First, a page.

NOTE: GrowthBeat -- VentureBeat's provocative new marketing-tech event -- is a week away! We've gathered the best and brightest to explore the data, apps, and science of successful marketing. Get the full scoop here, and grab your tickets while they last.
You may not have heard of it, but this year a company called Wayfair surpassed Crate & Barrel to become the No. 2 online retailer of home furnishings and housewares in the U.S., based on annual sales. Wayfair carries more than 4.5 million items from 5,000 brands, and it’s still growing.
Wayfair is the friendly, e-commerce version of Leviathan, a movie monster that scared the $#!% out of me back in 1989. In the horror flick, the slimy sea creature with sharp teeth went around a submarine and consumed the crew. The crew then became a living part of the monster, their faces protruding from the beast, making it hard for survivors to want to kill Leviathan.
Formerly CSN Stores, Wayfair is an e-commerce giant that has quietly taken 200 sites that it created or acquired — Cookware.com, Luggage.com, Strollers.com, BedroomFurniture.com, and more — and folded everything into one mega-site in an effort to create a more memorable brand. Only two of the companies it has created, AllModern.com and members-only retailer Joss & Main, will continue to operate outside of the Wayfair Leviathan. They are the survivors, while the rest of the domains direct shoppers to Wayfair.com.
The only companies that could stand a chance of “killing” Wayfair are the ones it has partnered with: Amazon.com, Walmart, Sears and Best Buy. They all share revenue with Wayfair and, in turn, gain access to those recognized market places are that keeping Wayfair financially afloat while the mega site constructs a new brand.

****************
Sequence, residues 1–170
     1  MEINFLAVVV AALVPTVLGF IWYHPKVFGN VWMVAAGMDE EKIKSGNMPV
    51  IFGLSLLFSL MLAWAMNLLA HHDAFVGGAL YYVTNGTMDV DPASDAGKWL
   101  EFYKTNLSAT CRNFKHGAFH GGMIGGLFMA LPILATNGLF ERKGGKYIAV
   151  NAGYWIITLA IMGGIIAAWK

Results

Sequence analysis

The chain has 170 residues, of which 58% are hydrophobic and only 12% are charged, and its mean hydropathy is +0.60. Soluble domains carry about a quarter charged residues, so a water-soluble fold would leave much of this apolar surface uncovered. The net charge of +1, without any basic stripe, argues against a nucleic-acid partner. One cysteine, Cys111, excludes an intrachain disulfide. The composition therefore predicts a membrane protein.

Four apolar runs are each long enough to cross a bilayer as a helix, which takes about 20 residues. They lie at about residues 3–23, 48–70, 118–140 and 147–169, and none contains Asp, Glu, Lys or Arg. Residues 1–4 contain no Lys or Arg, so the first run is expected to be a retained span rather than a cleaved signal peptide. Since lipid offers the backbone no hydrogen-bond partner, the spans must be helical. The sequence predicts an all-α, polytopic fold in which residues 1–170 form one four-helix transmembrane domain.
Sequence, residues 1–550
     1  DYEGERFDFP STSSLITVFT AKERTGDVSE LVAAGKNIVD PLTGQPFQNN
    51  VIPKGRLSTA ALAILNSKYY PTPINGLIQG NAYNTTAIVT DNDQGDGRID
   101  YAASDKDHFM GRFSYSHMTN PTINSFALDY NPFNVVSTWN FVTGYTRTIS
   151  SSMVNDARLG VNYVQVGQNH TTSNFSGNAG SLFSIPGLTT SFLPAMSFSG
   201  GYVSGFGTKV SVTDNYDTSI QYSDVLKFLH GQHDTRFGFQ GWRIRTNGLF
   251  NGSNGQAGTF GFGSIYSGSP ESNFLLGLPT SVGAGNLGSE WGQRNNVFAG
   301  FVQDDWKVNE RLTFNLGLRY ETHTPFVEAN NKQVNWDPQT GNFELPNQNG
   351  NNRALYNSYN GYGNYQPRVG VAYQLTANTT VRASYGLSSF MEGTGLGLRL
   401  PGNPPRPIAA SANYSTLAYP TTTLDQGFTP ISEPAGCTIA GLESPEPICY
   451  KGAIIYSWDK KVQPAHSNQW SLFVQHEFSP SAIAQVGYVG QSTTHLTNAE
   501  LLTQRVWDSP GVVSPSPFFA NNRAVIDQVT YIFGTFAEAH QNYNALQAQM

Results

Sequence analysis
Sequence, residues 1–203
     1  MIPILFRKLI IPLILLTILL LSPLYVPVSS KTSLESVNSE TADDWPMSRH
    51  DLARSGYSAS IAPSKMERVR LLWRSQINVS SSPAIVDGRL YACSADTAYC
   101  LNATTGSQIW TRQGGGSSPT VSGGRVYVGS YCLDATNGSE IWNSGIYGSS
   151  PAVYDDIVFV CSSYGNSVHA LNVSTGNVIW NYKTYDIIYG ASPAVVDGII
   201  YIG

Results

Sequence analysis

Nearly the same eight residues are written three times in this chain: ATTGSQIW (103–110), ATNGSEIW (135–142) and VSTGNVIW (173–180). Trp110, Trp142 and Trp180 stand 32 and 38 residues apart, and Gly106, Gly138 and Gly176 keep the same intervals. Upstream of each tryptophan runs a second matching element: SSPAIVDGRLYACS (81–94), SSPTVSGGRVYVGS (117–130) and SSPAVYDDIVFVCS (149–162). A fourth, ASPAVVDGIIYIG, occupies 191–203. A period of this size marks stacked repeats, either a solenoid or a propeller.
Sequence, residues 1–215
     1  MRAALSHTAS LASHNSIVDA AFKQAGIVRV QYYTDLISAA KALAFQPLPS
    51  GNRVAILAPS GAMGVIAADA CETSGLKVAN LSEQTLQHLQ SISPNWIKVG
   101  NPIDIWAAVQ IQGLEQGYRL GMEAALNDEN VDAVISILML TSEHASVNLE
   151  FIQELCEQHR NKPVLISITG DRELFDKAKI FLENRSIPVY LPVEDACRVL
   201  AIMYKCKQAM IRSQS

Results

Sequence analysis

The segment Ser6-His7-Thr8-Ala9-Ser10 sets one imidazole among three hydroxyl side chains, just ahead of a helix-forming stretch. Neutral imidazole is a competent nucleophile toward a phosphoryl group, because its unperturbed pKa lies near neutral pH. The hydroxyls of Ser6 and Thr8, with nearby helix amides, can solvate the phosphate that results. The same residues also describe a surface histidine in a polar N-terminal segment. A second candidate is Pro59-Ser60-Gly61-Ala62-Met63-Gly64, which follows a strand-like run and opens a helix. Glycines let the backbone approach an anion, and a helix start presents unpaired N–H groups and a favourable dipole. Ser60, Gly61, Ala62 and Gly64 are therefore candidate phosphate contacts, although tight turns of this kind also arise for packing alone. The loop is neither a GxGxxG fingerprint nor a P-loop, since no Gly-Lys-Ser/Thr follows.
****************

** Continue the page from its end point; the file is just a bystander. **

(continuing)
I wonder if a slimy, toothy version of Wayfair is keeping Amazon execs up at night. The partnership seems to be a situation in which keeping your enemies close pays off. Literally. Wayfair is expected to make $500 million in sales this year.
I asked chairman and co-founder Steven Conine if Wayfair is the next Amazon.com. “That would be nice,” he laughed. “We have a partnership with them, so they’re pretty excited about our growth.”
I’m excited about Wayfair’s shopping platform. The site is cleaner than Amazon.com and searching for products is easier. I purchased outdoor furniture off the Wayfair site, even though I originally came across the items during a search on Amazon.com. The Wayfair name didn’t ring a bell, but I was much happier with the user interface so I decided to give them a shot.
Founded in 2002 as CSN, Wayfair raised its first round of institutional funding in June 2011. The $165 million came from Battery Ventures, Great Hill Partners, HarbourVest Partners and Spark Capital. It was the largest Q2 funding in the U.S., according to The MoneyTree Report.
Conine will spend “tens of millions” on advertising this year. Pretty soon, you’ll know what Wayfair is. Don’t be scared though, unless you’re in the business of selling home goods.
(Image courtesy Wayfair.com)